Ray (Elle Fanning) is a transgender high-school boy who desperately wants to begin hormone therapy, a development that leads to much hand-wringing from his mom, Maggie (Naomi Watts), and grandmother Dolly (Susan Sarandon). The three live together in a charming, ramshackle East Village apartment along with Dolly’s girlfriend, Frances (Linda Emond). Ray’s father, Craig (Tate Donovan), is out of the picture, but because Ray is a minor, he requires a signature from both parents in order to proceed with the reassignment process. Cue a messy family reunion, and at least one dramatic revelation.
Many critics wish it had been fixed even more. Its Tomatometer score (Rotten Tomatoes) is currently at 30%.
Christy Lemire, Rogerebert.com: “A movie can mean well but not necessarily work well. Being tasteful can get in the way of being truthful. Such is the frustrating case of ‘3 Generations,’ which takes on the topic of gender dysphoria with a talented cast but not much to say.”
Alonso Duralde, The Wrap: “It’s a film that positively reeks of good intentions, but it’s so timid and tentative — the words ‘trans’ and ‘transgender’ are never uttered aloud — that it feels as hopelessly retro as casting a cisgender actress in the lead. Fanning does fine work, but the current habit of not hiring trans performers to play trans characters is going to feel very dated very soon.”
Jesse Hassenger, AVClub: “Many scenes and sequences end abruptly, indicating that there may well have been a longer cut of the movie, which may well have played better than this one.”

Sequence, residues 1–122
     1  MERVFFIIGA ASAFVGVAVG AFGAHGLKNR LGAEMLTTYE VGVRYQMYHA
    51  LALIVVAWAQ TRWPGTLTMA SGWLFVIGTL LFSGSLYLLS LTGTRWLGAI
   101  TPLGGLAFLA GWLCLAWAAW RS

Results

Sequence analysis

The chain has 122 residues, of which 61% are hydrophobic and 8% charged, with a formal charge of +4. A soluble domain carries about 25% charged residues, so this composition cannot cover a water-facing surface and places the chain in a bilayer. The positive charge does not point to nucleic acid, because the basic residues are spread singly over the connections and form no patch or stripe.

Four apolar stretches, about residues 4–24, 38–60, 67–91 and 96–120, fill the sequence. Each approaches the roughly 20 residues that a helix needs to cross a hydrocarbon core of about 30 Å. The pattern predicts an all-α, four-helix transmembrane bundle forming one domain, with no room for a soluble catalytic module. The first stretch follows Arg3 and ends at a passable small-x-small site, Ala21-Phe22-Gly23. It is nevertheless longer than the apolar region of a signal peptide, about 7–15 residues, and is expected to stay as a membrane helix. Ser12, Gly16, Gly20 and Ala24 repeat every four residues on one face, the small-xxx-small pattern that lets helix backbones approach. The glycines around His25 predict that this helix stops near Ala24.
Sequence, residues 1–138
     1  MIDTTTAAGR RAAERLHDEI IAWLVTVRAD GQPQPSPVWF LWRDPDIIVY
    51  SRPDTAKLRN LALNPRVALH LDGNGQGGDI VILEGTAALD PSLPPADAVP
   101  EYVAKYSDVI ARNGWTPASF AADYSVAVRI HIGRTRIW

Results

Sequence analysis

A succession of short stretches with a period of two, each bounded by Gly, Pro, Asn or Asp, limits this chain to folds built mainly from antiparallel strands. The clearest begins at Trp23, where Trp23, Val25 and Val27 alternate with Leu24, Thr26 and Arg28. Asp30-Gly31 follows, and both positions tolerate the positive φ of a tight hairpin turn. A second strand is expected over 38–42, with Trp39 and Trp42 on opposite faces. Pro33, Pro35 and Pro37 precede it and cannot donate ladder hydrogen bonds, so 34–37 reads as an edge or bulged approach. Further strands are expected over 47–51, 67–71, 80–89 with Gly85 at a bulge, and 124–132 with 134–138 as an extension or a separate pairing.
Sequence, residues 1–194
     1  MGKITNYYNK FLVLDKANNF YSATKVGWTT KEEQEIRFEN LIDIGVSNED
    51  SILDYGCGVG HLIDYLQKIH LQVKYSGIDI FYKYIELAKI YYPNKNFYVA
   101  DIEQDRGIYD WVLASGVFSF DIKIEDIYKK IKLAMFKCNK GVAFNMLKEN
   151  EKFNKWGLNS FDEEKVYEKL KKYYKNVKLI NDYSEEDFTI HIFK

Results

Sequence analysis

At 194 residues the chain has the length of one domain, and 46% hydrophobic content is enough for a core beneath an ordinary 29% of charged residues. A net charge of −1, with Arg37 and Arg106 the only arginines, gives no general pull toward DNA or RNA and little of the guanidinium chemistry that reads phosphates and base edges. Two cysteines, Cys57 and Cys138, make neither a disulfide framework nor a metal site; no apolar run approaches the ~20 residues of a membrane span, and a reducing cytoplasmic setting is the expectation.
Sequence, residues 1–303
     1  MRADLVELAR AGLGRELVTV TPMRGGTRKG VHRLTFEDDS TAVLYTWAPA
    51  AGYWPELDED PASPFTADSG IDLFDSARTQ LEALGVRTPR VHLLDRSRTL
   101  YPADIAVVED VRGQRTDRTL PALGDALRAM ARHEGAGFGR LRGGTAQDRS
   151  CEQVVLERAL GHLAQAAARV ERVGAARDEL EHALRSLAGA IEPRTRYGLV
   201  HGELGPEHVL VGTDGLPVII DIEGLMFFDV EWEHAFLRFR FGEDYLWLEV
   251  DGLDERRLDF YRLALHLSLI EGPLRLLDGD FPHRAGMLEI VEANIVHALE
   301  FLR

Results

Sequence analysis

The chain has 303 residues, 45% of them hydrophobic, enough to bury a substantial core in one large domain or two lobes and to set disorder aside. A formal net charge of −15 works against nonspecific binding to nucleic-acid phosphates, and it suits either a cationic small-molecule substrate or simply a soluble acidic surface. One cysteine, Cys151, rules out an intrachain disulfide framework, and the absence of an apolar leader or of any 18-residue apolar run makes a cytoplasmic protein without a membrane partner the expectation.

Watch the trailer below:
Depiction of Transgender Issues
Alonso Duralde, The Wrap:
…Yes, many parents have a difficult time understanding their children’s transitions, but the characters presented here are all artsy New Yorkers, so the idea that they’ve had no interaction with trans people never rings true. As for Ray, he has not one trans friend — not even online, where he would presumably be posting his auto-documentary shorts on YouTube and finding others going through similar life stages. And given that he’s known he was a boy since the age of four, he seems ill-equipped to discuss the subject with his well-meaning relatives.
Joe McGovern, ew.com: “Nine out of 10 scenes in the film involve the characters hurling insults at each other while seeming miserable in their fantastic Manhattan brownstone. Some of the screaming fights yield challenging points of conflict: Sarandon’s character, for example, thinks it’s antifeminist that ‘my granddaughter wants to be a grandson’.” Christy Lemire, rogerebert.com: “Theoretically, you might expect that because Dolly is a lesbian, she’d be more understanding of Ray’s desire to assert his true self; the fact that she isn’t is one of the film’s more intriguing—yet unexplored—elements.”
Emily Yoshida, Vulture: “…(I)t feels more like a checklist lifted from a pamphlet about things to expect when your son or daughter comes out — well-meaning, emotionally unimaginative, and always at arm’s length.”